Florida Bankruptcy Law

3 10 2005

A new bankruptcy law signed by President Bush in April changed Florida’s homestead exemption protections. A home’s value is fully protected from creditors if the owner has lived in it for more than three years and four months. However, anyone who has lived in a state–including Florida–for at least two years but owned their home for less than 3 1/3 years before filing for bankruptcy can only protect up to $125,000 of equity. (A debtor who has lived in a state less than two years prior to a bankruptcy filing must file in the state where he previously lived.) Florida’s unlimited homestead exemption still applies for residents who have owned their house more than three years and four months.

Florida has long been notorious for being a debtor’s paradise. The state constitution allowed most residents to shield from creditors the full value of their homes, which enticed some wealthy debtors to the Sunshine State.





Florida Bankruptcy Law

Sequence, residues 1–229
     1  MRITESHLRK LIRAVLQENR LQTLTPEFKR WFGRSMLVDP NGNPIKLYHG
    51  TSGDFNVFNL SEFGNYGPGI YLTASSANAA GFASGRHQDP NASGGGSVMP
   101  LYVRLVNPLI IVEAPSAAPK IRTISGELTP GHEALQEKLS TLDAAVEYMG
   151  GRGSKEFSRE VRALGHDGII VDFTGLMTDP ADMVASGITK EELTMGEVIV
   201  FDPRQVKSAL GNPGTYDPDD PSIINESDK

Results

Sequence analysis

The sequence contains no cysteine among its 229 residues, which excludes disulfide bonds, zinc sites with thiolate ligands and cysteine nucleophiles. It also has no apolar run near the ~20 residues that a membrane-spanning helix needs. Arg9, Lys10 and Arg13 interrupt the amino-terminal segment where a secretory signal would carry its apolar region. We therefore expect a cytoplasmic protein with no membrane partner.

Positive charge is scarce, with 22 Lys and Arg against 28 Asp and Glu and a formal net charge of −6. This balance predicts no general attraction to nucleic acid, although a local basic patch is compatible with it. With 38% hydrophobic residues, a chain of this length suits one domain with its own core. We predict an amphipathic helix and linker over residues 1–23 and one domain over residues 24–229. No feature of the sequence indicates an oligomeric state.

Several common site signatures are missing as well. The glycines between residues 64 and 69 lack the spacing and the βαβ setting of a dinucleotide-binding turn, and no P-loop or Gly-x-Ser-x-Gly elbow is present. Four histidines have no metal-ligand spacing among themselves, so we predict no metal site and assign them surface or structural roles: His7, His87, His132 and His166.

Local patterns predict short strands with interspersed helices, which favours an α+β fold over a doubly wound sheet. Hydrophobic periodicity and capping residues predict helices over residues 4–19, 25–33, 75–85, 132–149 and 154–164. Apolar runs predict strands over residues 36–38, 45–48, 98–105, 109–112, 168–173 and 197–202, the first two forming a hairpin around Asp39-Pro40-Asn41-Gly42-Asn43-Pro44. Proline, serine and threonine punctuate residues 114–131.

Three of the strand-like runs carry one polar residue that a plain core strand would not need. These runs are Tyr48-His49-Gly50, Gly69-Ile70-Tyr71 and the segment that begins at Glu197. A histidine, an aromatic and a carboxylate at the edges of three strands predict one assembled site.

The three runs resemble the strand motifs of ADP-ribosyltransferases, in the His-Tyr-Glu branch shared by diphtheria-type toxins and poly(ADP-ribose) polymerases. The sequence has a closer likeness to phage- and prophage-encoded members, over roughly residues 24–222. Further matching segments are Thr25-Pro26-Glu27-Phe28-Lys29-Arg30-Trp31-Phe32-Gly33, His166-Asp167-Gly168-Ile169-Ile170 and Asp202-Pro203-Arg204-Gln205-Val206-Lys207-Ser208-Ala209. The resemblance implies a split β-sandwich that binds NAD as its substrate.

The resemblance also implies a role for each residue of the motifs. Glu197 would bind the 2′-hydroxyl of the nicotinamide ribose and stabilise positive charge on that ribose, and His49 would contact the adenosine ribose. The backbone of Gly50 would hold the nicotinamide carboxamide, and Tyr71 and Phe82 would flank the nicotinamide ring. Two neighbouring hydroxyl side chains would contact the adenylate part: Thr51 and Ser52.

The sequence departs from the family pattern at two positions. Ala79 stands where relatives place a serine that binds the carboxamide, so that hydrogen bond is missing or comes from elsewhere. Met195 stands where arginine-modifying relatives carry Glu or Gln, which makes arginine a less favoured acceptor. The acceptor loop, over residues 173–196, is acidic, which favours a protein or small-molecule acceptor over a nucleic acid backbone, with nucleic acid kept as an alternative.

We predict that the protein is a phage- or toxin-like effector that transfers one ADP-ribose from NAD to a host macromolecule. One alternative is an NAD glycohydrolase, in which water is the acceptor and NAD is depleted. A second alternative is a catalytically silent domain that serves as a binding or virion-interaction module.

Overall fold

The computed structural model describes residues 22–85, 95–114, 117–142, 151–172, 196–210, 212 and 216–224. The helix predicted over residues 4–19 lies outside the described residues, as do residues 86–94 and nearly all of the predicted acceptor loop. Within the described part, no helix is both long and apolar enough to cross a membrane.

3 10 2005

A new bankruptcy law signed by President Bush in April changed Florida’s homestead exemption protections. A home’s value is fully protected from creditors if the owner has lived in it for more than three years and four months. However, anyone who has lived in a state–including Florida–for at least two years but owned their home for less than 3 1/3 years before filing for bankruptcy can only protect up to $125,000 of equity. (A debtor who has lived in a state less than two years prior to a bankruptcy filing must file in the state where he previously lived.) Florida’s unlimited homestead exemption still applies for residents who have owned their house more than three years and four months.

Florida has long been notorious for being a debtor’s paradise. The state constitution allowed most residents to shield from creditors the full value of their homes, which enticed some wealthy debtors to the Sunshine State.








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